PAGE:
Parks, beaches, health and fitness facilities, and home. Can you name a common link between these locations? If you said, “places one can go to relax or have fun,” you would not be wrong. However, while they may be similar in multiple ways, one meaningful connection is that they are all places where we exercise. Access the Canadian 24-Hour Movement Guidelines to learn more about recommended levels of physical activity for older adults (1).
As we go through life, we are sometimes faced with unexpected hurdles or even changes in our preferences that can impact if and how we exercise. Be it global pandemics that lead to lockdowns, issues related to mobility, finances, and access, or simply enjoying the comfort of being in our own house, a strong case for the benefits of home-based exercise can be made.
With the help of digital technologies, exercising at home has never been easier. But is this seemingly dynamic duo effective? One systematic review examined the impacts of home-based exercise programs delivered via digital technologies on outcomes like physical function, quality of life, falls, mobility, and balance in older adults living in the community (2).
What the research tells us
Within the review, older adults engaged in home-based exercise programs that involved one or more of the following: strength exercises, balance exercises, endurance exercises, or physical activity incentives such as counseling or advice. These programs were carried out with the support of digital technologies such as websites, mobile apps, DVDs, videogames, phone calls, videoconferences, and virtual characters or agents. Participants also received feedback automatically, through communication with a therapist, or though the support of a home helper.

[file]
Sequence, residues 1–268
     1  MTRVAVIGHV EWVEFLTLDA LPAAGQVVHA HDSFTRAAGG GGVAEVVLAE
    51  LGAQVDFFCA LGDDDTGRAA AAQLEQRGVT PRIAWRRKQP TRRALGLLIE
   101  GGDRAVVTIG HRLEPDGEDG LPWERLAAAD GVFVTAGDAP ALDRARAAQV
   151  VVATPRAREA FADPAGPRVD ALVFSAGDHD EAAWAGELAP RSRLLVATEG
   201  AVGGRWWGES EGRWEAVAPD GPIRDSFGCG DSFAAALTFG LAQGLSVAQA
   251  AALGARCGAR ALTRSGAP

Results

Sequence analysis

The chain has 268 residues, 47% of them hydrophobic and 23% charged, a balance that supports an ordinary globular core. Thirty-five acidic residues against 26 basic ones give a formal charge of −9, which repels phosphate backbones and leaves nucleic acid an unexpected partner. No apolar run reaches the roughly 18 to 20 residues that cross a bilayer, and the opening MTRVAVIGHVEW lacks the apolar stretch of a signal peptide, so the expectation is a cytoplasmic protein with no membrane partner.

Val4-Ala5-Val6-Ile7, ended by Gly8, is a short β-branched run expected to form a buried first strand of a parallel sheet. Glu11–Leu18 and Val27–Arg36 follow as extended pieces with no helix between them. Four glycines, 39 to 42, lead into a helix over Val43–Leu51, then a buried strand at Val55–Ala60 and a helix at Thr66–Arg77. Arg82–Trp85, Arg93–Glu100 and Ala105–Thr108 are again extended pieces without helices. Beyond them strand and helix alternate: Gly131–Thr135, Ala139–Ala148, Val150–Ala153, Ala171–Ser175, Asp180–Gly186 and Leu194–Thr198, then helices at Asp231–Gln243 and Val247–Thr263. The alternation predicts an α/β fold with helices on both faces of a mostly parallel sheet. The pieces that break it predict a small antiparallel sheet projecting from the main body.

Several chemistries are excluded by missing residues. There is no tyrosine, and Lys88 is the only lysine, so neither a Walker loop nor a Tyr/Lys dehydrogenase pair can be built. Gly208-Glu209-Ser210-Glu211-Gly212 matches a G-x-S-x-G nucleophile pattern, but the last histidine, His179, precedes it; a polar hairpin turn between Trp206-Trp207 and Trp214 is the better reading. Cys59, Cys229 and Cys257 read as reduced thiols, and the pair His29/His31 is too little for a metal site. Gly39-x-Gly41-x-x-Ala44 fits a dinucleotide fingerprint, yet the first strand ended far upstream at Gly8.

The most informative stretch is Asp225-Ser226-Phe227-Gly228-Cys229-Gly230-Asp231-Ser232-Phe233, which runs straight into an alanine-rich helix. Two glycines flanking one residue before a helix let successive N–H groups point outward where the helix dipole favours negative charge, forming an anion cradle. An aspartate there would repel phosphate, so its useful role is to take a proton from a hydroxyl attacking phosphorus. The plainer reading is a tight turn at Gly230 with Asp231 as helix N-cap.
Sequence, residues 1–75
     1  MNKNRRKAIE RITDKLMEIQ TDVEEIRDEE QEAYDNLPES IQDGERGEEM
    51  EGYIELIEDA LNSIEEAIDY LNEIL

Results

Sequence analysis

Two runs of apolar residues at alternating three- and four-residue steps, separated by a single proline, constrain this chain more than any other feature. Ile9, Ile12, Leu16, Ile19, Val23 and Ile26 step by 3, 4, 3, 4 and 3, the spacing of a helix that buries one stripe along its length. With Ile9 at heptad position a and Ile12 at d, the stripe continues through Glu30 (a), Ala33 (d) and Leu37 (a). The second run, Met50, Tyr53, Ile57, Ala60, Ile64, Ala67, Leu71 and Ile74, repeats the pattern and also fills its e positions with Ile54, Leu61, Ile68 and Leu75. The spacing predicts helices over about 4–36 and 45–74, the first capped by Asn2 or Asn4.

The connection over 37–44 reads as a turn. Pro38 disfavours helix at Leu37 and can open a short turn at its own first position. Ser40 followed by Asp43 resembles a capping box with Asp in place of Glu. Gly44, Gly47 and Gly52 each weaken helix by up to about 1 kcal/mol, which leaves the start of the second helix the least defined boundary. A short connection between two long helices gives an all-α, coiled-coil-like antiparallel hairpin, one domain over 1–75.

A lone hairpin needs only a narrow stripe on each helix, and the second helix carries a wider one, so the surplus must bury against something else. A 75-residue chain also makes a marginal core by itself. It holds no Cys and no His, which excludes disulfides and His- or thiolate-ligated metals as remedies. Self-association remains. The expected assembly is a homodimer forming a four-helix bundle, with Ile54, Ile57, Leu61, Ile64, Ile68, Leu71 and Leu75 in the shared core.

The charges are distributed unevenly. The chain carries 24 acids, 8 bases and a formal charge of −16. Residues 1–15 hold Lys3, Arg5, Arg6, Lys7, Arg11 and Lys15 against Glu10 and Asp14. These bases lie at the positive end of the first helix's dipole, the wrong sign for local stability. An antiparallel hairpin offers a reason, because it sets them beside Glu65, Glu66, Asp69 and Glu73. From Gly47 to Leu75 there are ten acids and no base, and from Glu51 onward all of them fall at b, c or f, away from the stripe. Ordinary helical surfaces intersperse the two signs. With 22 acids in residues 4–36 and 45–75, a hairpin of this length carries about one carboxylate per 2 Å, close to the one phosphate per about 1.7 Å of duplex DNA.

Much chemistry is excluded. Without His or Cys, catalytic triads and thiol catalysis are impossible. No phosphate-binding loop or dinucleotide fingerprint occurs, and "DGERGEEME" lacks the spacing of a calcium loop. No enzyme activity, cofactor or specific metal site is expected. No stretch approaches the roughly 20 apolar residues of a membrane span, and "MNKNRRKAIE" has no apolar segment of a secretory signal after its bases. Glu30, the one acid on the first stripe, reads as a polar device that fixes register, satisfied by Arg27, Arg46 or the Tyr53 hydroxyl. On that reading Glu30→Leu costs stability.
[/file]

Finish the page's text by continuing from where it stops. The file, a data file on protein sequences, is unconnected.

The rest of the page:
The review found that home-based exercise programs delivered via digital technologies can hold several benefits!
Overall, the evidence showed that this combined strategy could enhance physical function, specifically lower limb muscle strength and functional capacity, as well as health-related quality of life in older adults living in the community. The number of falls that this population experienced also decreased. Finally, we saw some additional benefits for older adults living with diseases compared to their healthy counterparts. These included potential improvements in balance and mobility (2).
Getting an adequate amount of exercise is important to optimal aging. If you are struggling to incorporate exercise into your daily or weekly routine, speak with your healthcare team about potential barriers and how to overcome them, as well as home-based exercise that leverages digital technologies. Together, you can develop a plan that includes goals and specifies exercise types, considers safety, and outlines monitoring and follow-up options.